To honor Walter Rudin's contributions to mathematics education, McGraw-Hill has created the *Walter Rudin Student Series in Advanced Mathematics*. Chartrand and Zhang's *Introduction to Graph Theory* is one of the first books in this series. Being part of this series (or, for that matter, any series invoking Rudin's name) sets up rather high expectations. To the authors' credit, this book meets these expectations.

The authors' goals are to introduce undergraduates to the discipline of graph theory, informing them of the subject — as well as the people who shaped it — and then showing some of its applications. The text is very well written, accessible to undergraduate, and perhaps even some high school, students (provided they can keep track of the many terms that are used). The authors make good use of pictures and diagrams. They also adopt what is increasingly becoming a common practice: labeling proof techniques. Thus after the term **Proof** we see something like [direct proof] or [proof by contradiction] or [proof by minimum counterexample].

The lives of some of the people who have played major roles in the development of graph theory are discussed throughout the text. These are often done within a section. Personally, I prefer these diversions to either be boxed off to the side or in their own section. Placing them within a section makes it feel like a distraction. (The diversions are interesting, to be sure — just distracting.)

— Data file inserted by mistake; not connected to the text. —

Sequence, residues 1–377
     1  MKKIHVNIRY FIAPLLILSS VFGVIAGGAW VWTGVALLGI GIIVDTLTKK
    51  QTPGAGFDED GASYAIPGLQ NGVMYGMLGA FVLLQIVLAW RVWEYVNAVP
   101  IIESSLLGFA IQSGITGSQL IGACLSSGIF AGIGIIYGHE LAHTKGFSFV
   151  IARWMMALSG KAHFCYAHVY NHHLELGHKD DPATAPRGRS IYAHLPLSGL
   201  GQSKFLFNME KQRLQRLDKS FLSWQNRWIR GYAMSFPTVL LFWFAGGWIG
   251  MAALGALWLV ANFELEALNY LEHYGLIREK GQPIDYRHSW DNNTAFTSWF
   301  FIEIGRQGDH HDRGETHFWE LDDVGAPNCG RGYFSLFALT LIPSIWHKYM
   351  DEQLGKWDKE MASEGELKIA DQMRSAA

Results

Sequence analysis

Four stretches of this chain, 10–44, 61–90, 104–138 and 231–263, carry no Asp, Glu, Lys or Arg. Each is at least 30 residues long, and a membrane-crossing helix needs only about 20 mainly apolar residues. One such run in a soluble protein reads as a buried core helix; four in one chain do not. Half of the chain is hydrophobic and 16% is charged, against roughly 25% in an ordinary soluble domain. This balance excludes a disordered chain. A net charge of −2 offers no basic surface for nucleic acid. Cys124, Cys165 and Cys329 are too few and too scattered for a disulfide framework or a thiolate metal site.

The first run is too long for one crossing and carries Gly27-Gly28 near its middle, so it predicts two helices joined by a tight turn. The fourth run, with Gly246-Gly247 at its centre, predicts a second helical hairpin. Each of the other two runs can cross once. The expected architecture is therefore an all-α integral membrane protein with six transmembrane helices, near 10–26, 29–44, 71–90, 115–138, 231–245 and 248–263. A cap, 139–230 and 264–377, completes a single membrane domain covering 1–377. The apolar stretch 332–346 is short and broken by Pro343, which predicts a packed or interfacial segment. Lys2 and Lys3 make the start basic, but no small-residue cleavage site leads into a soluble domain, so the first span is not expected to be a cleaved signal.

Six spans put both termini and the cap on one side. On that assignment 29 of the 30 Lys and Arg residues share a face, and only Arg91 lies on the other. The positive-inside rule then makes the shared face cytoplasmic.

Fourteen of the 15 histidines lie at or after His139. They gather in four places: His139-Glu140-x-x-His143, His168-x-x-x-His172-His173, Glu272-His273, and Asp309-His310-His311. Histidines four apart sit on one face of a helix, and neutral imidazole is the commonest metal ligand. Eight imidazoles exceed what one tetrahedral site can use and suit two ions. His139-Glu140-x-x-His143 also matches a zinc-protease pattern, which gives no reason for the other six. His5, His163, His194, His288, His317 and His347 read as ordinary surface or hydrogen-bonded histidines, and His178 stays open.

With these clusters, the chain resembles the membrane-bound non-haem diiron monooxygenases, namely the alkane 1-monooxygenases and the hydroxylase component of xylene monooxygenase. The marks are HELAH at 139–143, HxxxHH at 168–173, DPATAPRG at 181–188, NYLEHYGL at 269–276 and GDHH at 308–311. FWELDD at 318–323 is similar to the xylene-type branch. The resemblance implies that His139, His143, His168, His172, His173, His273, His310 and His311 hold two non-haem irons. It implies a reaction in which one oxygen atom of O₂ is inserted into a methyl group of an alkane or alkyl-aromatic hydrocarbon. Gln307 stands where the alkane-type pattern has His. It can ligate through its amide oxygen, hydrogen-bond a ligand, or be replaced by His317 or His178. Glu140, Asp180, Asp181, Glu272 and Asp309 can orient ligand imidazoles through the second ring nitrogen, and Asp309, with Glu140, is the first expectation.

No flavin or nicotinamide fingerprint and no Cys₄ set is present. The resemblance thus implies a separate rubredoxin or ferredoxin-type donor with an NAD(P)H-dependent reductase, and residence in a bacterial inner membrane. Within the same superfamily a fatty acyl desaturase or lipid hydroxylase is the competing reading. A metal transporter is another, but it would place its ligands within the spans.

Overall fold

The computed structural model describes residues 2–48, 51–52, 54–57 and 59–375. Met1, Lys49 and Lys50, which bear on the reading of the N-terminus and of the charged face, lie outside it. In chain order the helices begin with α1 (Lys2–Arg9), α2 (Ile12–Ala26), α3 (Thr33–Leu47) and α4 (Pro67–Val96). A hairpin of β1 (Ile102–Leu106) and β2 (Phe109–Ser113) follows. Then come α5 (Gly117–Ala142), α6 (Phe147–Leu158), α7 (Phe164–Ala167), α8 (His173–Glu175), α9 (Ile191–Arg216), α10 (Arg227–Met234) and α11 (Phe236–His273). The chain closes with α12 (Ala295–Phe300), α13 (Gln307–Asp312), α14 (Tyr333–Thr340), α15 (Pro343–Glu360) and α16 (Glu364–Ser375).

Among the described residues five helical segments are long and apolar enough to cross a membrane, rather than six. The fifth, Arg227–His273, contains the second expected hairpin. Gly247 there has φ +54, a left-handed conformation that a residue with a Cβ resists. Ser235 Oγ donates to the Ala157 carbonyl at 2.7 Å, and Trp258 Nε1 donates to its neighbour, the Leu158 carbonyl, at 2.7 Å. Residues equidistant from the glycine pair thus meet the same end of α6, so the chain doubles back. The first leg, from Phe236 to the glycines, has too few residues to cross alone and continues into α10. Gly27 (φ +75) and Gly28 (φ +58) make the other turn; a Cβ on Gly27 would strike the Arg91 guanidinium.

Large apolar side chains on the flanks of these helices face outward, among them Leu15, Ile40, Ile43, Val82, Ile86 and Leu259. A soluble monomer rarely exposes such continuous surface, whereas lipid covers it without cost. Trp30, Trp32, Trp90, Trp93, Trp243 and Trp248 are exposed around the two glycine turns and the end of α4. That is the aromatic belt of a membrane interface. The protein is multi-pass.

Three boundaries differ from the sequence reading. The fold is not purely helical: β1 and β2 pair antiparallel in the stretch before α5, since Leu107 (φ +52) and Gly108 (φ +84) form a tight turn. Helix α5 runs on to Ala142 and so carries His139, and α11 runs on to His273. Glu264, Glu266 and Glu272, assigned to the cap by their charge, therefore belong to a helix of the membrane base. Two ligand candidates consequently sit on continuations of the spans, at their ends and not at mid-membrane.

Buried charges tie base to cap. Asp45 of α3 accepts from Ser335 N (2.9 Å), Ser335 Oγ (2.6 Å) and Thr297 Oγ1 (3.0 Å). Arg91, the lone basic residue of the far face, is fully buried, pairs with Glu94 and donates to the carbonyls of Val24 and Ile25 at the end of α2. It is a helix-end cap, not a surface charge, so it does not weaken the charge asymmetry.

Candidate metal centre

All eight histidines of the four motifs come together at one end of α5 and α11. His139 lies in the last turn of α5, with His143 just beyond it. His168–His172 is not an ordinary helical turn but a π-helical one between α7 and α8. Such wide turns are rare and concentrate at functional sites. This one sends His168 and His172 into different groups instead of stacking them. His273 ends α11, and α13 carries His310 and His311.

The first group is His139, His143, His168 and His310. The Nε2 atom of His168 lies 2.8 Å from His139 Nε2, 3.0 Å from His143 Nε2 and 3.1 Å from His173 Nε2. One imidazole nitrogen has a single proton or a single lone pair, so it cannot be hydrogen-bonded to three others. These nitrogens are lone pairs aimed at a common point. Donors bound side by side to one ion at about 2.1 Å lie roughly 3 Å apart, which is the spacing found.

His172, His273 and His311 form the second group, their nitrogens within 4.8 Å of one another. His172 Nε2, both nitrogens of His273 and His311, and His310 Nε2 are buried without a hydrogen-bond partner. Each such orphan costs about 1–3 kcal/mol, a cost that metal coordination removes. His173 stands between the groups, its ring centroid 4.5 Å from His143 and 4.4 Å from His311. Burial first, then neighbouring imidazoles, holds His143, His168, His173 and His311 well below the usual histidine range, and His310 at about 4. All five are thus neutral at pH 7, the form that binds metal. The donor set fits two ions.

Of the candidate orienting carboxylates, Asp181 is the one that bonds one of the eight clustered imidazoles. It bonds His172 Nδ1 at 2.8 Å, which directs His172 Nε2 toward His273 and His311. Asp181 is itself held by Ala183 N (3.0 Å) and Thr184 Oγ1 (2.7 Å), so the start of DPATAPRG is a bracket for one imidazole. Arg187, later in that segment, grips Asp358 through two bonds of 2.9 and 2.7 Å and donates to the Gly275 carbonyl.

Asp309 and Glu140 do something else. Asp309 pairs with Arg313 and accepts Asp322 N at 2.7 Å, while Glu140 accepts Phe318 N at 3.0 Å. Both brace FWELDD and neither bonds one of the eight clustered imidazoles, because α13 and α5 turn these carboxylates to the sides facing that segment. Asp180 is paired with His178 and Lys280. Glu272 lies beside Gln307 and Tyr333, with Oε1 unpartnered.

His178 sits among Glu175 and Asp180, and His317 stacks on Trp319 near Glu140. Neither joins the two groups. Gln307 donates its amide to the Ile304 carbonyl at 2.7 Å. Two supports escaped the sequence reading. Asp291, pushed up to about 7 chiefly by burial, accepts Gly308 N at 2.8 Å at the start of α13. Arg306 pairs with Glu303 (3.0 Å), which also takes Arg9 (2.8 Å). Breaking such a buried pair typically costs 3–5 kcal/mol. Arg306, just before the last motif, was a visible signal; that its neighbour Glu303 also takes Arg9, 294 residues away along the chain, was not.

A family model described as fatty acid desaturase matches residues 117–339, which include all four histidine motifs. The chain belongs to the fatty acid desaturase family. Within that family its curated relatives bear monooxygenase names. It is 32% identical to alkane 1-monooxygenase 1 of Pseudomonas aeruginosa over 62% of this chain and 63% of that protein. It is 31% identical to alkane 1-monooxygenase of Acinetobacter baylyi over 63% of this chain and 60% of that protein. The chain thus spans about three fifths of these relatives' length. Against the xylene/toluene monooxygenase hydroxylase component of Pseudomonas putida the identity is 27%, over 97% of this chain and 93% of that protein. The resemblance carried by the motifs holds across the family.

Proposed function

The topics covered in the book are isomorphic graphs, trees, connectivity and Menger's Theorem, Eulerian and Hamiltonian graphs, digraphs, graph factorization, planarity, graph coloring, Ramsey numbers, the notion of distance in a graph, and domination numbers. Each section contains several exercises, many along the lines of "construct a graph with the following properties…" And each chapter ends with a section or two of excursions and/or explorations, in which the students get to see some of the applications of the theory from the chapter. In addition to all of this, there are three appendices which review the notion of logic and proofs, a section with solutions and hints for odd-numbered problems, twelve pages of references, an index of names, an index of mathematical terms, and a list of symbols. This is probably just about as ideal a text as one could have in an introductory course on graph theory. And, as a whole, this book makes for a fine entry in the Walter Rudin Student Series in Advanced Mathematics.

Donald L. Vestal is Associate Professor of Mathematics at Missouri Western State University. His interests include number theory, combinatorics, and a deep admiration for the crime-fighting efforts of the Aqua Teen Hunger Force. He can be reached at vestal@missoriwestern.edu